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Protestors urged to consider safety of themselves and others

10 April 2017

Protestors urged to consider safety of themselves and others

Ministry of Business, Innovation and Employment General Manager James Stevenson-Wallace is urging people protesting the Amazon Warrior seismic survey ship to be responsible, comply with the law, and avoid putting themselves and others in danger.

Greenpeace have said they have breached a 500-metre Non-Interference Zone around the Amazon Warrior and have dropped people in the water ahead of the ship, forcing it to take evasive action to avoid any incident.

In 2013 Parliament made changes to the Crown Minerals Act, making it illegal for protest activity to interfere with seismic survey or other vessels involved in permitted and lawful petroleum work.

MBIE will be investigating alleged breaches of the Act.

“The non-interference provisions are not about removing the right to protest. They are about balancing the right to protest with an operator’s right to get on with their work – while promoting the safety of everyone involved,” Mr Stevenson-Wallace says.

“Petroleum operations at sea are complex, often very precise and can be at an industrial scale. The vessels carry high-tech equipment, can be large and have limited manoeuvrability.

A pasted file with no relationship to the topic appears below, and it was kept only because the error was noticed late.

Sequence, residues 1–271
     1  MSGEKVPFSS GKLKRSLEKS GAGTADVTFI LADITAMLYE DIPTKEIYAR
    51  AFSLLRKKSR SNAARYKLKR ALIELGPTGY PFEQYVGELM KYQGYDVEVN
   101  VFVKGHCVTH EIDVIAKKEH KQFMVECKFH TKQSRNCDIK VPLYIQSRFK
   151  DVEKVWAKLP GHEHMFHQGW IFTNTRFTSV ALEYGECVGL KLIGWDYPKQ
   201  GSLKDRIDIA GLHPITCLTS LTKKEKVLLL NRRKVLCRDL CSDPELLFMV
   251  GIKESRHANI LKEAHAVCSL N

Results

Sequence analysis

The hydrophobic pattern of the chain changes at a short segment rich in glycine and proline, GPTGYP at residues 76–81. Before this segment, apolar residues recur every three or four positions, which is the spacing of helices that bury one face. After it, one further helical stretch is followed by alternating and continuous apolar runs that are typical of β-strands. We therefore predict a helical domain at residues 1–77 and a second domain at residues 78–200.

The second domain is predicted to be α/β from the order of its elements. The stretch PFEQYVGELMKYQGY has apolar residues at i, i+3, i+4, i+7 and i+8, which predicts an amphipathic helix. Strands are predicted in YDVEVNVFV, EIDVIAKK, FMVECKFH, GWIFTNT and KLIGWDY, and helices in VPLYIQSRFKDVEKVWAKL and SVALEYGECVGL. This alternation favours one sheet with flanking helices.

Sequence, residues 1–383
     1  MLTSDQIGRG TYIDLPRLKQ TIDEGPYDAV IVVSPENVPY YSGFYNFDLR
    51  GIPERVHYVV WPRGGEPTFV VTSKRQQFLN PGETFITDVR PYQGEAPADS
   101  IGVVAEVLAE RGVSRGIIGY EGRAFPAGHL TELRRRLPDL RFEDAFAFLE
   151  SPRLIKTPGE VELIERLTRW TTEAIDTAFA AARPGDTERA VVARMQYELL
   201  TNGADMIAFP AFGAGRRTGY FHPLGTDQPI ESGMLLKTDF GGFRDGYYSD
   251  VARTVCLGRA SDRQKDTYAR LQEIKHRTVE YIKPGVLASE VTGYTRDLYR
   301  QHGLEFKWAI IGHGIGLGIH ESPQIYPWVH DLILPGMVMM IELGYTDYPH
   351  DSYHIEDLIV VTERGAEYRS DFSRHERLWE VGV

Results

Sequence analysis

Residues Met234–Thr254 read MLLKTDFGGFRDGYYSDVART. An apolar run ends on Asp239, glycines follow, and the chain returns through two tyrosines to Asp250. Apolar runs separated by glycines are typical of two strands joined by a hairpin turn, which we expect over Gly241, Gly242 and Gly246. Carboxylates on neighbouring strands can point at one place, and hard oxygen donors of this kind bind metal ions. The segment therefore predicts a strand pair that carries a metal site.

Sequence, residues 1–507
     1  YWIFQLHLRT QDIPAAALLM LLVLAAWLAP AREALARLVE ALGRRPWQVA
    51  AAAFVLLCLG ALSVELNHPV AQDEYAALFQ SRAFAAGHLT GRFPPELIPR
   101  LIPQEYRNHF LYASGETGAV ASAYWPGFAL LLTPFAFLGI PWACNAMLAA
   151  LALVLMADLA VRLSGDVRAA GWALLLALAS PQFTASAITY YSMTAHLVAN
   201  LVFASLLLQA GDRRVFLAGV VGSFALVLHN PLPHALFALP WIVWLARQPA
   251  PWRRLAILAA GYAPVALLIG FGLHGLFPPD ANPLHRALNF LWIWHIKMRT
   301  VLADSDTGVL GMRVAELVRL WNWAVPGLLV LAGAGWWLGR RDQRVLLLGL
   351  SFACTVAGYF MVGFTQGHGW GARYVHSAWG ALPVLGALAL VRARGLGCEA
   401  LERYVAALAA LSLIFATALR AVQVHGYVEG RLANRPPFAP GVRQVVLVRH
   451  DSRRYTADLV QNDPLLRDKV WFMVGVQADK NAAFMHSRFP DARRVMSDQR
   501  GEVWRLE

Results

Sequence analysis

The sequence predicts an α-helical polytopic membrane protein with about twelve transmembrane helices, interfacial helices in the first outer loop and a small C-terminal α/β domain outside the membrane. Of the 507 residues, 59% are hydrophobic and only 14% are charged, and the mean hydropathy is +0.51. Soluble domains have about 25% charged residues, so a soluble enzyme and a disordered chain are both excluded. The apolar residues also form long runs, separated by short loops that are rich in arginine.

“People are free to protest oil and gas activity at sea, as they are on land, but they cannot disrupt a legitimate operation and create health and safety risks. The provisions are as much to protect the protestors as the crew of the Amazon Warrior.”

Mr Stevenson-Wallace says seismic surveys help build our scientific knowledge and understanding of New Zealand.

“The survey data also helps create a picture of the geology beneath our oceans. The information gathered is shared with the Government and in time is made freely available. It can be very useful to researchers, including GNS Science, who use seismic data for fault line mapping.

“The Government has developed a robust regulatory regime to ensure oil and gas activities are undertaken to the highest standards – which includes minimising any potential impacts on marine mammals, such as whales and dolphins. Any seismic survey vessels operating in our Exclusive Economic Zone have to follow the Department of Conservation’s Code of Conduct for seismic surveying.

“It is considered one of the most rigorous in the world for protecting marine mammals and requires survey ships to have independent observers on board, watching and listening for mammals. If any mammals are detected within a kilometre radius all activity stops until they leave the area.”

[ends]

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